A more complicated pattern emerges from the section of the chart headed "Entitlements and assimilation". A large majority clearly does not see newly arrived immigrants as part of the British national community and do not believe new arrivals should be entitled to the same benefits as everyone else.

They believe, instead, that immigrants should be treated on a par with longer-term residents "only if they have lived here for some years and shown a willingness to live in accordance with British laws and customs".

At the same time, there are high levels of support for what might be called ethnic diversity. Just over a third of YouGov's respondents, 38 per cent, want all immigrants to assimilate fully to British ways, including their language and clothes.

A considerably larger proportion, 52 per cent, are evidently content to allow people to speak their own language and follow their own custom - provided they adopt British values concerning such matters as marriage and freedom of expression. A few people, five per cent, even seem prepared to allow immigrants to form what would be separate communities.

Tony Blair's Government has shown a willingness to back so-called faith schools, but most people clearly think they are a bad idea. More than half of YouGov's sample, 53 per cent, believe the Government "should encourage the parents of all faiths to send their children to the same schools" and another large proportion, 29 per cent, take a broadly similar view but have no objection to continuing state support for schools with a Christian emphasis.

In contrast, only a small minority of people, seven per cent, believes the state should encourage the parents of children of minority faiths, such as Hindus, Muslims and Jews, to send their children to separate religious institutions. Although not in favour of forced assimilation, most people clearly want immigrant communities to become integrated into the wider society.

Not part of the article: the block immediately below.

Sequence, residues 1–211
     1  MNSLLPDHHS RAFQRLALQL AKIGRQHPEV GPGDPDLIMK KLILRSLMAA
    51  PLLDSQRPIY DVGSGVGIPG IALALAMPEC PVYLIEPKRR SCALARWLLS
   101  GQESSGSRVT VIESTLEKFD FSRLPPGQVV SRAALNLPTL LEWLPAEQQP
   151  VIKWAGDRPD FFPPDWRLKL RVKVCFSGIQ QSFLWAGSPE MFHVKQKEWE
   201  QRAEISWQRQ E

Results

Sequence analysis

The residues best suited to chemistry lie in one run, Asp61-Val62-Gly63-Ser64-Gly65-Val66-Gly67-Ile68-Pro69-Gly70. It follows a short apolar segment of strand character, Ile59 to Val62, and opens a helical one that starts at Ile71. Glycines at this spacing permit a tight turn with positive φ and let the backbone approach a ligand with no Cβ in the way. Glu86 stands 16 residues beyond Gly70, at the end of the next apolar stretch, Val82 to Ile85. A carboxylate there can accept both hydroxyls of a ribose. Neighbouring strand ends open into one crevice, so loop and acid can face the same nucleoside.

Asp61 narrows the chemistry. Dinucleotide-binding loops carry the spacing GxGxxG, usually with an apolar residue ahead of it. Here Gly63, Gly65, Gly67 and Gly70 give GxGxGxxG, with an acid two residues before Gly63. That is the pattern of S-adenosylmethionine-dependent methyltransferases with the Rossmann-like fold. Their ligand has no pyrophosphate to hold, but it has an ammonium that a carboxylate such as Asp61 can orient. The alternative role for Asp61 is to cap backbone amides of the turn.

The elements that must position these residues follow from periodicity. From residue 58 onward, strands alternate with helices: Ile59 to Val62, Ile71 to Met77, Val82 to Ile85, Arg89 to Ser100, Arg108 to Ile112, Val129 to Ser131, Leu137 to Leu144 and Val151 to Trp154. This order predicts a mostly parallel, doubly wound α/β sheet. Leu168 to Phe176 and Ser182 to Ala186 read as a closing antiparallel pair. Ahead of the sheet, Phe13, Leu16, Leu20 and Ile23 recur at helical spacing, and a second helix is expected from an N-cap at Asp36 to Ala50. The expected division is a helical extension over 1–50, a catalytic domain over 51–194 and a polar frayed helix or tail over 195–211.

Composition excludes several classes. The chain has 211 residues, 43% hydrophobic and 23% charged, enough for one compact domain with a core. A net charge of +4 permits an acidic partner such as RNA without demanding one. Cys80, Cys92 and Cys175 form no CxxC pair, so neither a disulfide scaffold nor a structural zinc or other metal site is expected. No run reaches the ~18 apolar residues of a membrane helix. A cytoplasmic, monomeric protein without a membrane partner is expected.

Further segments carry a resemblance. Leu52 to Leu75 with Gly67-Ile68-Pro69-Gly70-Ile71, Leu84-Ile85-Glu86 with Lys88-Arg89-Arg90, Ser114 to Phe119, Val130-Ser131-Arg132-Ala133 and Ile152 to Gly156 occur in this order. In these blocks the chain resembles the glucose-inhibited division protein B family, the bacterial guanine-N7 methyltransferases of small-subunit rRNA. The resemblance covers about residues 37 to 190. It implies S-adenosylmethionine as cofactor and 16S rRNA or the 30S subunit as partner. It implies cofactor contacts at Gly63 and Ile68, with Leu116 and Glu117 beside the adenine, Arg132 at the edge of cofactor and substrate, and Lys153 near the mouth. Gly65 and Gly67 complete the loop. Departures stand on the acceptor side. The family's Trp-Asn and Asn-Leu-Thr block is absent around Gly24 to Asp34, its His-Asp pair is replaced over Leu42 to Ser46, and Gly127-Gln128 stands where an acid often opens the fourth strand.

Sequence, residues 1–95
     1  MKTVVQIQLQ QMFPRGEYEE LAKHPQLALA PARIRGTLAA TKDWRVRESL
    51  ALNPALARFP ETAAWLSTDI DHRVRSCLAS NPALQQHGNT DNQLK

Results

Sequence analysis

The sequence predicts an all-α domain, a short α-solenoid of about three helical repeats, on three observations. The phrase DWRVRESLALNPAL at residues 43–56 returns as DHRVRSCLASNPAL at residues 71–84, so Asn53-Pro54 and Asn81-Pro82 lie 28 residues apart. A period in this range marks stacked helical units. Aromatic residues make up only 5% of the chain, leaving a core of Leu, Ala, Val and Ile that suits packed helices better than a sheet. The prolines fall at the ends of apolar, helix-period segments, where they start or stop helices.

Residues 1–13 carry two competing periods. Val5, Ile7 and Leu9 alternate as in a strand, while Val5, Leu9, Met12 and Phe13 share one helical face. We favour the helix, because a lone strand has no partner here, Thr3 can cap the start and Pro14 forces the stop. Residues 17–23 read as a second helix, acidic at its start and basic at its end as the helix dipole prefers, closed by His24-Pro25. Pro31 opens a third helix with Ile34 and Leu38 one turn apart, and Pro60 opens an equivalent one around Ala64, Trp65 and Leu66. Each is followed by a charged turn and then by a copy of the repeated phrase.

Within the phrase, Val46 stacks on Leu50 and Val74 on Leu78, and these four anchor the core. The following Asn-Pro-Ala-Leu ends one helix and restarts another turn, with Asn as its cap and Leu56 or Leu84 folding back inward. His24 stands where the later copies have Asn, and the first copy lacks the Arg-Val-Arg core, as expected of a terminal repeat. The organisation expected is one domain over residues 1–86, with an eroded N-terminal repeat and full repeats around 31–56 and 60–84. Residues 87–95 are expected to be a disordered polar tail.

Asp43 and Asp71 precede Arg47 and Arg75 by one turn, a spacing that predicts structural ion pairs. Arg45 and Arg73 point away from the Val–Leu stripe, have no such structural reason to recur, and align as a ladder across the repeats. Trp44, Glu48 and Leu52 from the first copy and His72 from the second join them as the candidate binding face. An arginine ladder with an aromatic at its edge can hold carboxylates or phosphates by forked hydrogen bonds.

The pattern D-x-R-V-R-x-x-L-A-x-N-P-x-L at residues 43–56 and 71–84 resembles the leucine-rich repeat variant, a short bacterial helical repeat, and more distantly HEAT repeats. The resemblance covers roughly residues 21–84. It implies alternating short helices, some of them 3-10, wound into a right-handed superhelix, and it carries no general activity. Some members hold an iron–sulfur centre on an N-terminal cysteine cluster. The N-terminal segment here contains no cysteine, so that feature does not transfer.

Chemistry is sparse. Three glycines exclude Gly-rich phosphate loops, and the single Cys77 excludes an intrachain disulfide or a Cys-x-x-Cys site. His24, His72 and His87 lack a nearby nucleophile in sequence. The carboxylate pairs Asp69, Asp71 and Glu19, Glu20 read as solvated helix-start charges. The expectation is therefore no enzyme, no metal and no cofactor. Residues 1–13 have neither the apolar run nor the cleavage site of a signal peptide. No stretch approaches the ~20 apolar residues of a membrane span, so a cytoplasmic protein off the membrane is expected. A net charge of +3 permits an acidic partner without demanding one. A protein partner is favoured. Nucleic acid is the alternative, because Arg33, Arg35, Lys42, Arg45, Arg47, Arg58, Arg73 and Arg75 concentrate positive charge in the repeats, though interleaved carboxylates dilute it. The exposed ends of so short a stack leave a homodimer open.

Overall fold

YouGov was also curious to know which parts of the world people would be happy to see new immigrants come from. The most favoured nations are places such as Australia, New Zealand, the Unite States and Canada, closely followed by western European countries such as France, Germany and Italy.

Less predictably, large numbers of people would prefer newcomers to Britain to come from the West Indies rather than from China and ex-Soviet countries such as Russia, Belarus and Ukraine.

Taken as a whole, YouGov's findings suggest that, while no national explosion of outrage at continuing immigration is imminent, the feeling among voters that "enough is enough" as regards immigration is both widespread and deep.

The Government will be under mounting public pressure to develop a coherent immigration policy, to say what it is and then to convince the electorate that it is in Britain's national interests. The task of persuasion will not be easy.